VANCOUVER - Across the street from Hudson’s Bay High School in Vancouver, teens talked about the mixed message sent by state voters last week, who said smoking small amounts of pot at the age of 21 is okay.
“Honestly, like my dad, he’s like, you can’t smoke weed, marijuana, you can’t do any of that. But if it’s legal then it can’t be too bad for you,” said Mike Whittington, a junior at the school.
Some teens expect the new law will take away the taboo of marijuana.
“I know that a lot more kids drink than smoke,” said 18-year-old Mike Kelly, who does not attend the high school. “So, I think that might change ... within the culture, and in time I think it will definitely be more acceptable,” Kelly said.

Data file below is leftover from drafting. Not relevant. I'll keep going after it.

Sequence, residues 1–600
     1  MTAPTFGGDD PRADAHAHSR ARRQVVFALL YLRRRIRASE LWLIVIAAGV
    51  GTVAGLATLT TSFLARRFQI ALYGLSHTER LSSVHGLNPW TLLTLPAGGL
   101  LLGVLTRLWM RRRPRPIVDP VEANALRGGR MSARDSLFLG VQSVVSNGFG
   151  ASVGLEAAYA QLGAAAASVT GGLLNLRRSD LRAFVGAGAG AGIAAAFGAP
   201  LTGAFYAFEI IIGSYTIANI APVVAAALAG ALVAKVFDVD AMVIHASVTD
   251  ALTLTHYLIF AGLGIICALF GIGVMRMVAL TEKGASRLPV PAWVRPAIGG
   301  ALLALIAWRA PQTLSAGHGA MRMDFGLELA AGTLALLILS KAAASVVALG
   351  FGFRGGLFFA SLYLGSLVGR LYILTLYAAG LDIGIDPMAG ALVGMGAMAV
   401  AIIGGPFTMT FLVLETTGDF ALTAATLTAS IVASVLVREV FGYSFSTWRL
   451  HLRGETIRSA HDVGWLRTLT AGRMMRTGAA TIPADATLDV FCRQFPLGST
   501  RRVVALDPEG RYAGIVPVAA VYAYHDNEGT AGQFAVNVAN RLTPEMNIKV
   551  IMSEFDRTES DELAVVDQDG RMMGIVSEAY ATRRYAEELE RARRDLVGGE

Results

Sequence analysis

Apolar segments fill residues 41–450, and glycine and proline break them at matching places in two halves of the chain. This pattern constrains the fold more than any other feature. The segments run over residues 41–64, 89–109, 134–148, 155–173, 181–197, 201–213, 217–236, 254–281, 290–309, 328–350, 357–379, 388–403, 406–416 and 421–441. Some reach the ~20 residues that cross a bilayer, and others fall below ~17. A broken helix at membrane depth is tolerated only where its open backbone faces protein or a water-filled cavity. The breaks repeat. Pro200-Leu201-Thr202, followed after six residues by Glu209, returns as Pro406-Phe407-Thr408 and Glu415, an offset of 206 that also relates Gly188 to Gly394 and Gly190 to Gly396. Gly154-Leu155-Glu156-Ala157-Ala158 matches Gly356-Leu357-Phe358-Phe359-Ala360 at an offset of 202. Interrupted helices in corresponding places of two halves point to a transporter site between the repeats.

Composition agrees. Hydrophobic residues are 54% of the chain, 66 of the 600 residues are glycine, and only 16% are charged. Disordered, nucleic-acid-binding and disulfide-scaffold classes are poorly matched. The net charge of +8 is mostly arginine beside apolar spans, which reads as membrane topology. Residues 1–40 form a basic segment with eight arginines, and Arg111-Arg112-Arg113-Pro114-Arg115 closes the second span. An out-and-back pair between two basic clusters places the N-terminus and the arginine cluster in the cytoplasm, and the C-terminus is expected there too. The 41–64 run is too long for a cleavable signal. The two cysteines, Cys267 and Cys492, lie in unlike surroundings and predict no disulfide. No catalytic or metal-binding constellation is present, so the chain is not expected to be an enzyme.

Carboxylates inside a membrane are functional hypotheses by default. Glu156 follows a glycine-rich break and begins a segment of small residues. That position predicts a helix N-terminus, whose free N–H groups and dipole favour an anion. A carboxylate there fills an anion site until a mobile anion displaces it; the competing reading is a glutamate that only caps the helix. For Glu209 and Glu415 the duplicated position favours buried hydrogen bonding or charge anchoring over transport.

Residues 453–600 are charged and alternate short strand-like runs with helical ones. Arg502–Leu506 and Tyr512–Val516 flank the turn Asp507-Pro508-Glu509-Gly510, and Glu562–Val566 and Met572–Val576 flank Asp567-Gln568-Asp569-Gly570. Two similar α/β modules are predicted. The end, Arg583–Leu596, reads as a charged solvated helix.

But don’t expect many parents or grandparents to give up the fight against marijuana.
“I think as long as it’s a federal law, that there’s no (legal) marijuana, then there shouldn’t be,” said Jeff Webb, a grandfather.
“It’s a bad influence on the younger people,” said his friend Bob Neal.
Hallie Williams has three kids, the oldest of which is 17.
“We’ve spent a lot of our parenting career with that motto that’s been around for awhile, 'say no to drugs,'” said Williams, who added she’s not about to change the message.
Neither is the federal government. It partly funds a group called Prevent, a substance abuse prevention coalition for Clark County.
“We want kids to be successful in school. We want them to be successful in their relationships and marijuana hurts that, just like alcohol does,” said spokesman Sean Chavez.
But all the messages from parents and the federal government now conflict with a new law passed by Washington State voters.
And the teens know it.
“I guess it’s like the same thing as alcohol you know what I mean?" junior Zach Bowens said. "I’m told every single day not to drink alcohol, but when I turn 21, it's legal.”